Like the Japanese cherry blossoms wedded to the soil’s palm by Luther Hughes

by Luther Hughes

Like the Japanese cherry blossoms wedded to the soil’s palm
planted in front of the train station; or the yellow-black dance
of the tiger swallowtail’s wings as it flees; or the echoes that follow
after I thunder loud against the kitchen cabinets; or the summer fire
hitched to the air we breathe—the chuckle of ash sneaking into our lungs;
or the way your eyes elope when you’ve had enough of my
tit-for-tat-I’m-right-your-wrong song; or wind—always, there is wind—
that kicks the kink of the whine and wail of the German shepherd left behind;
or the night’s bat wing splashed against the living room window
as I sleep on the couch; or the final five-hundred pairs of northern spotted owls
married to the asylum of pine and bark and nest and play in the State we claim,
the owls now near-threatened with their thirteen hoots and barks and whistles,
with their shabby dresses and dark-in-love stares, their piece of the American pie—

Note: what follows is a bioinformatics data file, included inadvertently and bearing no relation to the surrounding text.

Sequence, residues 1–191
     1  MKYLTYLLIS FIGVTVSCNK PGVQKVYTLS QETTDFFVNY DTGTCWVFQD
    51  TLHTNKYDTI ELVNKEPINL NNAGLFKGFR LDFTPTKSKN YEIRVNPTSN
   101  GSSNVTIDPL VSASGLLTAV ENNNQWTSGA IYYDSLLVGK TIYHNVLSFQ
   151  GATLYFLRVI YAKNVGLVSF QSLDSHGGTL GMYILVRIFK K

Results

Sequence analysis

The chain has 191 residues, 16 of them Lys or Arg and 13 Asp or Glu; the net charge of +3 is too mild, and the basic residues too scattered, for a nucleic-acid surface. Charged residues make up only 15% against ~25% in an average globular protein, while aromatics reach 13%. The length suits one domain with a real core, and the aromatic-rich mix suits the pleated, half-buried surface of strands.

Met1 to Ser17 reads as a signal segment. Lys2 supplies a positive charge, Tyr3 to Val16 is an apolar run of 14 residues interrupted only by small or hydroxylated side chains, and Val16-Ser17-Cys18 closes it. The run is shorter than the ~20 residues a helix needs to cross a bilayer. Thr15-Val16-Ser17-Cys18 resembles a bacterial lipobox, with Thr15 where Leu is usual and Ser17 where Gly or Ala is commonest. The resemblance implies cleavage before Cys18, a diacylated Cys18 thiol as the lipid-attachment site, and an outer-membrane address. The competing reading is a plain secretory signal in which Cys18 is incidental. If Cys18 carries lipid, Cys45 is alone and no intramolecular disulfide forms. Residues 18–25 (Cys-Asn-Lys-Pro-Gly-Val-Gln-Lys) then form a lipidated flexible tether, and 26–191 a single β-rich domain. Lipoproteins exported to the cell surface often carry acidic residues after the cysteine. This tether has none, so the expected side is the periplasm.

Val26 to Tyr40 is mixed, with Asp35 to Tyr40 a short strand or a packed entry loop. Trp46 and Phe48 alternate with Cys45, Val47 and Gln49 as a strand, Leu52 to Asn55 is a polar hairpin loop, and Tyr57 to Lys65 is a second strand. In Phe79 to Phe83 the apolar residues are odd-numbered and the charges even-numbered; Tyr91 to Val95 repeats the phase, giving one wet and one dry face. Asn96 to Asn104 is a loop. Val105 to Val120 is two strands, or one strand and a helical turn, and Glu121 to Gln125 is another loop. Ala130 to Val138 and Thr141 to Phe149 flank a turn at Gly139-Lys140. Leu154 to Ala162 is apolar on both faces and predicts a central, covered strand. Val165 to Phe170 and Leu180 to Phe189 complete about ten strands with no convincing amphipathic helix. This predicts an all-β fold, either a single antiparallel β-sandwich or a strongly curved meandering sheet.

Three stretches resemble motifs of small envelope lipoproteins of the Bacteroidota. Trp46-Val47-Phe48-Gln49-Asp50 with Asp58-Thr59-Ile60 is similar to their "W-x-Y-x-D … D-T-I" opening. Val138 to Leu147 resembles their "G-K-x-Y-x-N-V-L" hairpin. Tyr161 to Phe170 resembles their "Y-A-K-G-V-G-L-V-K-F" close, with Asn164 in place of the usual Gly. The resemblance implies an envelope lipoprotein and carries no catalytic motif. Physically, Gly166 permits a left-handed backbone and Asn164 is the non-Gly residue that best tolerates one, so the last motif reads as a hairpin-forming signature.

don’t they, too, deserve the kickshaws of what this handsome planet
has to offer, don’t we? . . . Don’t leave me. We may not be a pair of owls
nested in the forest of Douglas firs trying to make muss a home
humans made of this land, timber harvestings and land conversions.
I may have farmed a muck of our land, too,
but Babe, no matter the season of fresh lavender and children playing
in the hallway, no matter the bowls of leftover ramen mean with age,
no matter the abysmal cycle of lists I conjure in this poem, no matter
if every last owl has escaped—Lord, let them escape—the foul-fowl lust
of humankind, no matter the huff I hang on your every word,
I love you. You are where I belong.

source: poets.org
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